<-- Advertise here.

a collection of national flags as pie charts. each sector of these piecharts is proportional to the area of the color on the respective flag.

[link: shaheeilyas.com]

see also meet the world flags & world cup soccer balls & advertising analytics.




Quite interesting how most of the world's flags use the same main colors. I wonder when the world's first 2.0 flags will come out, with drop shadows and gradients =)


Mon 28 May 2007 at 8:30 PM

I found this graphic representation of flag colours very exciting, I wish I knew why. It has given me goose bumps. I tested my knowledge of the Canadian flag and was correct.

Tue 29 May 2007 at 5:11 AM
Graham Brown

@ joel: that actually would be amazing, how about adding alpha channels as well haha.

Tue 29 May 2007 at 5:29 AM

Interesting observation in global vexillogical matter. I'm theorizing that many of the flag colors resulted from the availabilty of natural dyes. And as for the more recent nations... legacy designs and colors passed down from their previous colonial rulers. Just my guess. It's too bad you don't see a lot of pastel colored flags.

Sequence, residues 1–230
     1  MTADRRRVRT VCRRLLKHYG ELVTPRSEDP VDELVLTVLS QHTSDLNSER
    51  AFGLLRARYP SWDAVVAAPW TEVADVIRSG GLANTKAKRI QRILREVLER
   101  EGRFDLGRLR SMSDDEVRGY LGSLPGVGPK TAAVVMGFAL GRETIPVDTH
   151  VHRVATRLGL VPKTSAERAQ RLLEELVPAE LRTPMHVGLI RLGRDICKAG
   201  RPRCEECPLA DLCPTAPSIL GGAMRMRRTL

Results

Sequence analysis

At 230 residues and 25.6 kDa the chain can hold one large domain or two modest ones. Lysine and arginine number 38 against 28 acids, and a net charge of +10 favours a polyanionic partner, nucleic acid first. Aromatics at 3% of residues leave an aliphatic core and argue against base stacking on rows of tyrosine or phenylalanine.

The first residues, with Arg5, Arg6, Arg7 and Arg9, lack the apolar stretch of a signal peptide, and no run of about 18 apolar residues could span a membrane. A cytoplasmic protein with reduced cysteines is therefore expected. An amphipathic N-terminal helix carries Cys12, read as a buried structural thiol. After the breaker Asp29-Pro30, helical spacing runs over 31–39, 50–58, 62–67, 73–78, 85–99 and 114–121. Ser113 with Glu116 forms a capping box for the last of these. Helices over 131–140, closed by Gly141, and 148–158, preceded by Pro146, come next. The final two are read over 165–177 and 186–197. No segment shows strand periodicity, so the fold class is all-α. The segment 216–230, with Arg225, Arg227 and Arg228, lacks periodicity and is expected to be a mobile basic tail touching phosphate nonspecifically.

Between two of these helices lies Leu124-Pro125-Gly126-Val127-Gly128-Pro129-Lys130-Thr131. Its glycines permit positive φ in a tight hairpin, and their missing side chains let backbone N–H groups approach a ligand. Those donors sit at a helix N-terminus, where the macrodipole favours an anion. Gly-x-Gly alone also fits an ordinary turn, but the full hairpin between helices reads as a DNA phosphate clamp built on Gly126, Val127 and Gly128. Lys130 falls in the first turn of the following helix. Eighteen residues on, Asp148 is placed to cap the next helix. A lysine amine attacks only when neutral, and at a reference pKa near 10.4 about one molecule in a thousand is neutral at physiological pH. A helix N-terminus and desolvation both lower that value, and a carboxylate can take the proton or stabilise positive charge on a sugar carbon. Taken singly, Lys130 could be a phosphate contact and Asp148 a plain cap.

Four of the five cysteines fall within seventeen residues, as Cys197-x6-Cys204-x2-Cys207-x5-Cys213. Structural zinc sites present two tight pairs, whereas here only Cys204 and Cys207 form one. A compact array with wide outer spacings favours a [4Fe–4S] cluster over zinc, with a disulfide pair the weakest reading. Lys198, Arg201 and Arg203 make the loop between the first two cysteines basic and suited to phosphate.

Thu 31 May 2007 at 7:01 AM

Maybe you've already seen this other way of turning flags into pie charts: http://www.brazilianartists.net/home/flags/index.htm
Of course it's not precise, and should be taken just as a advertising piece, but it's intresting anyway.

Sat 09 Jun 2007 at 2:50 AM

It is a famous theorem that all maps are four colorable. Is it possible to color countries with colors taken from the colors of a national flag so that adjacent countries get different colors, e.g., U.S.A. and Canada would be colored by the pairs (blue,white), (red,white), (blue,red) etc. If the solution (that is political coloring of the maps based on the flag colors) of this problem is possible then what is the minimum number of the colors. That is known (political) chromatic number of the graph corresponding to the map.

I. Cahit

Note. I have proposed a short proof for the four color theorem but not this one yet.

Sun 24 Jun 2007 at 6:46 AM
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